PepsiCo: Dallas Gatorade Plant Water Reduction Upgrades
Gatorade is a business unit of PepsiCo Beverages North America, and its Dallas Gatorade plant completed two major water efficiency projects to meet PepsiCo’s sustainability and water efficiency goals. PepsiCo has designated the Dallas site as falling within a designated high-water-risk (HWR) area, which is defined by the company’s global water risk assessment process using the World Resources Institute’s Aqueduct tool.More
For all HWR manufacturing sites, PepsiCo set a goal to achieve water use efficiency equal to 1.2 Gallons of water per gallon of production in beverage plants. For PepsiCo facilities, this equates to more than a 50% reduction in absolute water use from the 2015 baseline year. Additionally, the Dallas Gatorade site has set a goal to replenish more than 100% of the water that they use back into the local watershed by 2030.Less
PepsiCo developed two main projects—one focused on water filtration system improvements and the other focused on reverse osmosis (RO) concentrate recovery. The project is expected to reduce incoming water usage by approximately 30 million gallons, based on 2017 as the baseline year. Due to the complexity and scope of the project, it was executed in several phases. It was completed in the summer of 2021.More
The initial phase of the project involved recovering reverse osmosis (RO) concentrate from the site’s product water filtration system. The recovered concentrate was softened to remove calcium and magnesium and was then used to supply makeup water to the site’s cooling towers. The cooling towers provide process cooling for all of the manufacturing lines at the Dallas Gatorade site, as well as air compressor cooling and HVAC heat rejection. To use softened recovered water in the cooling towers, the cooling tower water treatment program was changed from using chemical-based city water as makeup water (MUW) to a soft water MUW system. The overall time frame for this initial phase of the project took 4 years to complete and confirm performance (after several years of service all the heat exchangers were disassembled and inspected for scale formation).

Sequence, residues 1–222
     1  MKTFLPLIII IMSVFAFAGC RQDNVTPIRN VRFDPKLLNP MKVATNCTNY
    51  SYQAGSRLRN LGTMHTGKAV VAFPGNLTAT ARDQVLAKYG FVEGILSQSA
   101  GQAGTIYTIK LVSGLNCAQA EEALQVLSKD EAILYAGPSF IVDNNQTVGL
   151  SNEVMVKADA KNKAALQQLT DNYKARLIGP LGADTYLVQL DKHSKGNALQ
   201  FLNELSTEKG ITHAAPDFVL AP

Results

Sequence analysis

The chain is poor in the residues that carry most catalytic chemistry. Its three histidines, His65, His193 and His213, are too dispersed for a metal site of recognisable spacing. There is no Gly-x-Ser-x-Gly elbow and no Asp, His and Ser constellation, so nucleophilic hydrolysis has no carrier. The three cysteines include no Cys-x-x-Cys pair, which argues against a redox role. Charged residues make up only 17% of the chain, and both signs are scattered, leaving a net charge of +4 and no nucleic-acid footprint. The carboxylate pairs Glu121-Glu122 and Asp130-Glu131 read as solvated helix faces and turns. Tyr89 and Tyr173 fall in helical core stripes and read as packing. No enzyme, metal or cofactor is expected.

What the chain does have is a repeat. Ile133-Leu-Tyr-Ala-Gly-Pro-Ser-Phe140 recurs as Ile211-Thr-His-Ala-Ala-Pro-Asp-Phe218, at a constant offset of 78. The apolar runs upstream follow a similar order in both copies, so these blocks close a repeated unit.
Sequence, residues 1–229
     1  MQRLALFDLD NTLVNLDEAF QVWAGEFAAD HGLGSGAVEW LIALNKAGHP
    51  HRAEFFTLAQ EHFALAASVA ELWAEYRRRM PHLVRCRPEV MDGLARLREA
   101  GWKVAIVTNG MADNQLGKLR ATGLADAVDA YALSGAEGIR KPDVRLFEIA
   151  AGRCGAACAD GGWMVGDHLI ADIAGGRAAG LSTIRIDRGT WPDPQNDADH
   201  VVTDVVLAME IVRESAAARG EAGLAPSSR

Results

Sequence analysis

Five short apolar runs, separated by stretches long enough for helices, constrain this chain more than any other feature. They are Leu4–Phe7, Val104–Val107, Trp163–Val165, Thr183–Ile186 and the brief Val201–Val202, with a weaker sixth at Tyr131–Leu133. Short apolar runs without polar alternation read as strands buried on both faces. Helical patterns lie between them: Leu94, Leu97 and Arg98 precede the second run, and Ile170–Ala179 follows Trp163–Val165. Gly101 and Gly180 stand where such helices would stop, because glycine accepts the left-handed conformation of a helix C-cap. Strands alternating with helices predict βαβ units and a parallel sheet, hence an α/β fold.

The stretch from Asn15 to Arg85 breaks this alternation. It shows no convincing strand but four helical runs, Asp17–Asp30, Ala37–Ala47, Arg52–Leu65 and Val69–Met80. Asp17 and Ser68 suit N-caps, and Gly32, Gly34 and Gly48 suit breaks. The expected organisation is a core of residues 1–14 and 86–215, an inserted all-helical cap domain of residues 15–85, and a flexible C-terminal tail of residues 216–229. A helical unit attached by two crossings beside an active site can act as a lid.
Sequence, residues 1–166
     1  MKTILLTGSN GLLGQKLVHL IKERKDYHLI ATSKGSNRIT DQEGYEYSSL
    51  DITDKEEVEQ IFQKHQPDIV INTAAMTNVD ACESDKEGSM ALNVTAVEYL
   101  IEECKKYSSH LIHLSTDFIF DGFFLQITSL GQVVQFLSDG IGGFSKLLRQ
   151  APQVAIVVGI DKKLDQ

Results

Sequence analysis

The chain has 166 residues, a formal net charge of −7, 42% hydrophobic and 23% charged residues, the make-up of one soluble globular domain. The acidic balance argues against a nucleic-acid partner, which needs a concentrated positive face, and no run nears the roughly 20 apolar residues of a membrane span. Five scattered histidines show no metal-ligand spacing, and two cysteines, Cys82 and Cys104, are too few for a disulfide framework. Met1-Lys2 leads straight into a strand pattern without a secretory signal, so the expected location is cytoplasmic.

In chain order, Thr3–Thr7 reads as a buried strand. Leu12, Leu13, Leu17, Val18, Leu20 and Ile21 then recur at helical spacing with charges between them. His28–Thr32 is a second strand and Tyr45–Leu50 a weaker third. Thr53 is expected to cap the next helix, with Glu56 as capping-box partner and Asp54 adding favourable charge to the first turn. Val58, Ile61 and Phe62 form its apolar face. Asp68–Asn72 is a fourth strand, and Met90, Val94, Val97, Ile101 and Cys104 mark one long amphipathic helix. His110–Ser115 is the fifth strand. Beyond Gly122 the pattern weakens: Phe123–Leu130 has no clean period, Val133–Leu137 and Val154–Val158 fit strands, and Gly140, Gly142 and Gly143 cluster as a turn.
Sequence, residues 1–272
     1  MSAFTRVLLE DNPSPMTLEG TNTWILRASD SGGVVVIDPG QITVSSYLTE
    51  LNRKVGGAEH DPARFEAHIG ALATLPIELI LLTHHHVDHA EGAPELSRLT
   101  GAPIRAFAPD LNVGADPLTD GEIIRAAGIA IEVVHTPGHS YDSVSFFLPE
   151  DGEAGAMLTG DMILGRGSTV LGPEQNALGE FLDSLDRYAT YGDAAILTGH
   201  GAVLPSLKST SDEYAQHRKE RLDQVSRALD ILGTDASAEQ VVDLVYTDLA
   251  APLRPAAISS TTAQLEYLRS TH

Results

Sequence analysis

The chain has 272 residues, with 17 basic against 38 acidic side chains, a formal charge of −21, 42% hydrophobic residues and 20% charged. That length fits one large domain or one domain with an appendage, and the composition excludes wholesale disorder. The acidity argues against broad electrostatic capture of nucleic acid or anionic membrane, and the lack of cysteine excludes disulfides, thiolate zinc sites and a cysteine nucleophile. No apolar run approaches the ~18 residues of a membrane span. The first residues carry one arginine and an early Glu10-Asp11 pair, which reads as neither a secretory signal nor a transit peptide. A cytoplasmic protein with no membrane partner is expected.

The other phase of the project focused on measures to improve the efficiency of the site’s water filtration system. This phase involved recovering backwash from the site’s pre-filters and carbon filters, then re-filtering it and sending it back to the water room for re-processing. The incoming water to the water room was processed with a water softener to remove hardness, which allowed the reverse osmosis efficiency to increase from 80% to 95%.Less
The success of the Dallas site’s project spurred a culture of water reduction that led to the identification of numerous other water efficiency projects at the site and will be replicated across all of PepsiCo Beverages North America’s HWR sites over the next five years. The Dallas facilities and project management team worked closely with the maintenance and operations team to implement new water efficiency best practices and developed a cellphone application that enables the team to communicate water efficiency opportunities and necessary repairs.More
With the softening of the RO feedwater, RO concentrate now has less hardness, which takes some of the hardness removal load off the recovery system softener. Additionally, the implementation of measures on the cooling towers has heightened awareness of the cooling tower operation, which has dramatically improved the reliability of cooling tower water chemistry and operation. Since this project was completed, there has also been a reduction in the downtime associated with process cooling, which has helped improve the site’s productivity.Less